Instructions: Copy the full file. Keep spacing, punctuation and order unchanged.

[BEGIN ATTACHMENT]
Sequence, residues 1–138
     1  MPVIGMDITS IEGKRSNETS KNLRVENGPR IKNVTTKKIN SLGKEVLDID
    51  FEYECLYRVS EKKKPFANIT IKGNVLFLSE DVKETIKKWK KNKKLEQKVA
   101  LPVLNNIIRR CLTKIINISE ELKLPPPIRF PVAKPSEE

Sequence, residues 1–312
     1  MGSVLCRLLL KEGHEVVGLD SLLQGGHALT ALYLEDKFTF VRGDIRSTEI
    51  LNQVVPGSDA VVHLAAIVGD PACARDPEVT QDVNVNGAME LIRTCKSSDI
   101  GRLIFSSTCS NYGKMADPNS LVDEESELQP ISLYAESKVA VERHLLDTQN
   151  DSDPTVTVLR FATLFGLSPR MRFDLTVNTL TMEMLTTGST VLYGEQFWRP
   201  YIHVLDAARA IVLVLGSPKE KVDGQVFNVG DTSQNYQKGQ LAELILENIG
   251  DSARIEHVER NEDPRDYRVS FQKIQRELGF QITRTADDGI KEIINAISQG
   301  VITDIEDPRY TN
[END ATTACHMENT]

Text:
Sequence, residues 1–138
     1  MPVIGMDITS IEGKRSNETS KNLRVENGPR IKNVTTKKIN SLGKEVLDID
    51  FEYECLYRVS EKKKPFANIT IKGNVLFLSE DVKETIKKWK KNKKLEQKVA
   101  LPVLNNIIRR CLTKIINISE ELKLPPPIRF PVAKPSEE

Sequence, residues 1–312
     1  MGSVLCRLLL KEGHEVVGLD SLLQGGHALT ALYLEDKFTF VRGDIRSTEI
    51  LNQVVPGSDA VVHLAAIVGD PACARDPEVT QDVNVNGAME LIRTCKSSDI
   101  GRLIFSSTCS NYGKMADPNS LVDEESELQP ISLYAESKVA VERHLLDTQN
   151  DSDPTVTVLR FATLFGLSPR MRFDLTVNTL TMEMLTTGST VLYGEQFWRP
   201  YIHVLDAARA IVLVLGSPKE KVDGQVFNVG DTSQNYQKGQ LAELILENIG
   251  DSARIEHVER NEDPRDYRVS FQKIQRELGF QITRTADDGI KEIINAISQG
   301  VITDIEDPRY TN